expectations. The CLT works closely with Information Services to ensure staff are able to
            make appropriate use of e-learning in their teaching. The LTC receives regular reports on the
            use and development of studentcentral. The recent establishment of the innovative
            Community@ Brighton social networking service and the use of blogs and wikis demonstrate
            the success of the university‟s strategic approach to the deployment of networking
            technologies to support student learning.

3.8.7       The university has recently provided a number of secure wireless access zones, targeted at
            informal learning areas and social spaces.

3.8.8       Learning materials for students in the libraries and the studentcentral online library are
            identified, acquired and made available by specialist librarians or Information Advisers (IAs)
            in liaison with academic staff in their subject areas. Together they work on implementing
            overall strategies to enhance learning and teaching and to support curriculum design by
            aligning the learning resources base with the academic ambitions of each school. IAs work
            with teaching staff to provide the direct communication between Information Services and

75
     AB06-61 September 2006 – Terms of reference, constitution and membership of reporting committees for the Academic Board
76
     ASC06-116 December 2006 – Interface between schools and central departments
                                                                                                                   Page 18 of 37
         schools. IAs also deliver a face to face enquiry service during all library opening hours,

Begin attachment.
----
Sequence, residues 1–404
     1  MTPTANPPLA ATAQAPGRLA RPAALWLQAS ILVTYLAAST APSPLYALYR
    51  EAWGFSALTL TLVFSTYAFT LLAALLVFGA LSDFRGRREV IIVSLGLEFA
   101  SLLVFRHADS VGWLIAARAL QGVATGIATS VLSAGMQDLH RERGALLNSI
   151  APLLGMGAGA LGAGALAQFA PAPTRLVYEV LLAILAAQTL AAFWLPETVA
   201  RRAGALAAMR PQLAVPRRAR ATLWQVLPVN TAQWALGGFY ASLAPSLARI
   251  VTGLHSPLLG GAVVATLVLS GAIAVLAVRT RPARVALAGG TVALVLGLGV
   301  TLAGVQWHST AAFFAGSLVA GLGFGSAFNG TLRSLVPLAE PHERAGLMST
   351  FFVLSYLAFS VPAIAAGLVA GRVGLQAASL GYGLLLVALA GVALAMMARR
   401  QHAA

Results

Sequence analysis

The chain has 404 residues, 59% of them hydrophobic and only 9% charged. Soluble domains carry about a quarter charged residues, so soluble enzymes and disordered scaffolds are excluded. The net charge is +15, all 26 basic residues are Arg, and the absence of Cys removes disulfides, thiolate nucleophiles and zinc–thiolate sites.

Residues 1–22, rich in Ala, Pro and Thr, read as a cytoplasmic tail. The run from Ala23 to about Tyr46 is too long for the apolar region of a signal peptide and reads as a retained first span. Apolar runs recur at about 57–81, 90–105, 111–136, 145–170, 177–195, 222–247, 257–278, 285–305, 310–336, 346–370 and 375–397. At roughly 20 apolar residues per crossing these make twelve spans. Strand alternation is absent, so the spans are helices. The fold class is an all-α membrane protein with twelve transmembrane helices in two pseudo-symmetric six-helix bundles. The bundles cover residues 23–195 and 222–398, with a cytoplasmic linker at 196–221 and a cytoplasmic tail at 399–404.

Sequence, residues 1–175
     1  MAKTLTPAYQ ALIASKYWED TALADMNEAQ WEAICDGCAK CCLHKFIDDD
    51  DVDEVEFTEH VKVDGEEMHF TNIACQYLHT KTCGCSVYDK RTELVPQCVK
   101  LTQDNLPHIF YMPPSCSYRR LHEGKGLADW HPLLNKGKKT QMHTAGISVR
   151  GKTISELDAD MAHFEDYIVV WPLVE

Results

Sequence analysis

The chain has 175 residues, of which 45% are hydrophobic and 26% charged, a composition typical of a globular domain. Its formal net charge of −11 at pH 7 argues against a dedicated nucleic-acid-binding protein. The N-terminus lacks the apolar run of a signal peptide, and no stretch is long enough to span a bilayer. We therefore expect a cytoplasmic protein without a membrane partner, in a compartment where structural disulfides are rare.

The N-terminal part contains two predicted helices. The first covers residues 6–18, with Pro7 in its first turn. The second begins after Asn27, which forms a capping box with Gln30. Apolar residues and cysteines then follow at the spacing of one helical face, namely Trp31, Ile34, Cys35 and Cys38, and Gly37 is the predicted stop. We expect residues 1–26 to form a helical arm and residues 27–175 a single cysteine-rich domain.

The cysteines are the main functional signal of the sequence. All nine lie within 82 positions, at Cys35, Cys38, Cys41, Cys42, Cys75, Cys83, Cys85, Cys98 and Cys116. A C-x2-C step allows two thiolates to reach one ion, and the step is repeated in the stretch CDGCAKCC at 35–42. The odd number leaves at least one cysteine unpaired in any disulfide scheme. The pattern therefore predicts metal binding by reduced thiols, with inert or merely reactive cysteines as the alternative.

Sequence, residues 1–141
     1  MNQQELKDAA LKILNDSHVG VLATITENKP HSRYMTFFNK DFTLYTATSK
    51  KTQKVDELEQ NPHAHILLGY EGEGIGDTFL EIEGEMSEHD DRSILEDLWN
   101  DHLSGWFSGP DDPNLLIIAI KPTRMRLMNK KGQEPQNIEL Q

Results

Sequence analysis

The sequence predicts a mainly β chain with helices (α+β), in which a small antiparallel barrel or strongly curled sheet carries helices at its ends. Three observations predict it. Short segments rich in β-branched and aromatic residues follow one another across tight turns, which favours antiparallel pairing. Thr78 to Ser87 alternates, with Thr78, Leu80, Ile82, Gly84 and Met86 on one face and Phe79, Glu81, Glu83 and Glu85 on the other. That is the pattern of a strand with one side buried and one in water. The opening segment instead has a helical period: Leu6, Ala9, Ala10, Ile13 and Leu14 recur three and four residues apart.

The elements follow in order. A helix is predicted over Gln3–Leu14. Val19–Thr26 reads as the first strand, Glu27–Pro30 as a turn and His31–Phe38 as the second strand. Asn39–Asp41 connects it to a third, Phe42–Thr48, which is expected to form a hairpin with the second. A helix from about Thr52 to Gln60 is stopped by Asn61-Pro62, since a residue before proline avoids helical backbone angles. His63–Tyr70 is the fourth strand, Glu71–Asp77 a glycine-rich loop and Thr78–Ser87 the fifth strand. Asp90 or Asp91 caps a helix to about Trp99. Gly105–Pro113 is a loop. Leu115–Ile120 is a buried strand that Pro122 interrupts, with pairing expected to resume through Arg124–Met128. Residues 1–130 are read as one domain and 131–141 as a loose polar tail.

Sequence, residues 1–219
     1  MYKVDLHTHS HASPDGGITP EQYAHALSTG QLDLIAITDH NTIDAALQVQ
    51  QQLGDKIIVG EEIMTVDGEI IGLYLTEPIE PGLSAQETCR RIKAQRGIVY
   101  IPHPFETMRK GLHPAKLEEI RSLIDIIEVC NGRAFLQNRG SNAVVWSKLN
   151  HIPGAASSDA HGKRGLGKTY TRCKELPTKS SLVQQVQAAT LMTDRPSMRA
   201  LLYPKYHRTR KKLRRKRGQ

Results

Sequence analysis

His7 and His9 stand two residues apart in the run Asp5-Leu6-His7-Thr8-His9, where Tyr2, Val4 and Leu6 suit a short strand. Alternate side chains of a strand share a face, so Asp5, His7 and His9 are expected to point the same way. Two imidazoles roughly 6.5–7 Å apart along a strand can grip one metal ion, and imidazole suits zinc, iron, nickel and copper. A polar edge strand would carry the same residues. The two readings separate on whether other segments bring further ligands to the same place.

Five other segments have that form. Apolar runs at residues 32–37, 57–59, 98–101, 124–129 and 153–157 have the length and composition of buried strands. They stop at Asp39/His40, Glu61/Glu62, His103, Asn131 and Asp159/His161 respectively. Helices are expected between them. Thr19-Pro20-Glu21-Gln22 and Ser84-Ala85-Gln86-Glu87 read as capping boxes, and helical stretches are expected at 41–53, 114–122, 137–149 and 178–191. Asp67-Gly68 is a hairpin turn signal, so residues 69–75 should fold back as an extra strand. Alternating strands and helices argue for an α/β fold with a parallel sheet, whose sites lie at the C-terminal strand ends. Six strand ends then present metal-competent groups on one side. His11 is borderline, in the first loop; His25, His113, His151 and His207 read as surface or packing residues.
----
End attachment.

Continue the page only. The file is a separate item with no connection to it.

provide one to one guidance for staff and research students and deliver tutorials to student
         groups – both at induction and later to develop independent skills in information retrieval and
         use. IAs are members of school Course Boards, Boards of Study and course teams –
         including at validation.

3.9      Admissions policy
3.9.1    The Admissions Policy77 provides an overarching framework that sets the parameters for
         admission criteria, the principles that guide the admission of students and the structure of
         responsibilities in the admissions process. Course-specific admissions criteria are derived
         from this and developed through the Course Development process and agreed at validation.
         The policy is currently being revised, informed by the most recent changes in the Code of
         Practice, which has prompted the university to include a more formalised appeals and
         complaints process78.

3.9.2    The university has developed a number of new qualifications over the last five years to
         provide alternative entry routes into HE, for example the Foundation Diploma which has
         been designed as a mixed level (levels 1 and 2) programme for students already in
         employment79.

3.10 Student support
3.10.1 The university provides well-managed and well-directed student support - academic and
       personal - to enable its students to achieve their potential. Students are provided with
       information about support for learning through course handbooks and studentcentral.
       Students have opportunities to review their personal, academic and career development on a
       planned and regular basis through personal tutoring, which complements both direct course
       delivery by academic staff and specialist support by Student Services. The two aspects of
       student support are closely interrelated and oversight is achieved through the SSC and the
       LTC. Two examples include:
        the Personal Development Planning policy is now well-established across the university
            and this acts as a primary framework by which to support students in maximising their